Wednesday, January 11, 2006

Der Götter Ende dämmert nun auf

Well, in the midst of all my recent Wagner-blogging, the great Swedish soprano Birgit Nilsson has died at the age of 87.

Nilsson possessed one of the most remarkable voices of the entire 20th century. She was famous for the ease with which she produced enormous floods of sound and for her natural stamina. Though she sang some Verdi (Lady Macbeth, Aida) and Puccini (Minnie, and, famously, Turandot) and was a great Elektra toward the end of her career, it was the titan Wagnerian roles of Brünnhilde and Isolde in which she made her greatest mark.

Her voice was not particularly phonogenic. On CD it has the timbre of frozen steel, a strong, steady tone without much vibrato, always focused on the center of the pitch like a laser. Her diction is clear, but her singing is not always especially expressive and her voice did not seem to encompass the range of colors of some other dramatic sopranos. It was her sheer ability to get through these lengthy, difficult rules singing as freshly at the final curtain as she did in the first act that set her apart.

I am told, however, by people who heard her live, that in a large space like the Metropolitan Opera or the San Francisco Opera, her voice bloomed into a lush, rich, opulent sound. Her tone quality was consistent throughout her range, which is unusual for voices in this repertoire. She sailed with ease through music that brings other sopranos to grief, especially the awkwardly placed high C's in the third act of Wagner's Siegfried.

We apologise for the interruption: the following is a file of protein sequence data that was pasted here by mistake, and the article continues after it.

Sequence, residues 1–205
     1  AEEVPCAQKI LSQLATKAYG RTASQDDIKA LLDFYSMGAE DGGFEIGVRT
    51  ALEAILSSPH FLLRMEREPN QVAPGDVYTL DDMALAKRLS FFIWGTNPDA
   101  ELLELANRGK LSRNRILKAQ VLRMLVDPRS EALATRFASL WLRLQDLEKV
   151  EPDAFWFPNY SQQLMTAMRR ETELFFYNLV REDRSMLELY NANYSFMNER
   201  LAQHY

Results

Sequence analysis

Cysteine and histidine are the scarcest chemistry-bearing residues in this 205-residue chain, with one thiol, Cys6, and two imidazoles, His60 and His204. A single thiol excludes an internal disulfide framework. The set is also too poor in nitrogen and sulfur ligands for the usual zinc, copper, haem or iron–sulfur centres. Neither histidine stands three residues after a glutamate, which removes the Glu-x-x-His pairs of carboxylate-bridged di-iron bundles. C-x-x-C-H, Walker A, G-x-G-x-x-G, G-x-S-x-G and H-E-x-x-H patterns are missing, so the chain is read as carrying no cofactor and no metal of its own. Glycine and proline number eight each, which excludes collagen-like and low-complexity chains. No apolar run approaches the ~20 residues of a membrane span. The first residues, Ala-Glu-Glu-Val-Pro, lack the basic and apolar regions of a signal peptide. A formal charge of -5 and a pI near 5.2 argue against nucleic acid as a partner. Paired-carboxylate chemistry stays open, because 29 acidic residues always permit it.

My fascination with Wagner began 14 years ago when, as a curious high school senior exploring the world of opera for the first time, I checked out Götterdämmerung from the county library. It was, of course, the Solti recording with Nilsson as Brünnhilde. For some reason I decided to skip right to the end and play the last track, the very end of Brünnhilde's Immolation Scene, beginning at "Flieg' heim, ihr Raben!" I've been a fan ever since. To this day I remain awestruck the way her voice cuts through the orchestra like the gleaming blade of Nothung itself, fearlessly and cleanly attacking the high notes, seeming to swell with power as the vocal line rises higher and higher.

Ruhe, du Göttin.

2 comments:

Jeff said...

Wow, we were just listening to her on my recording of Tristan last night. That's too bad.

Anonymous said...

She looks like a he. Are you sure she/he wasn't a queen?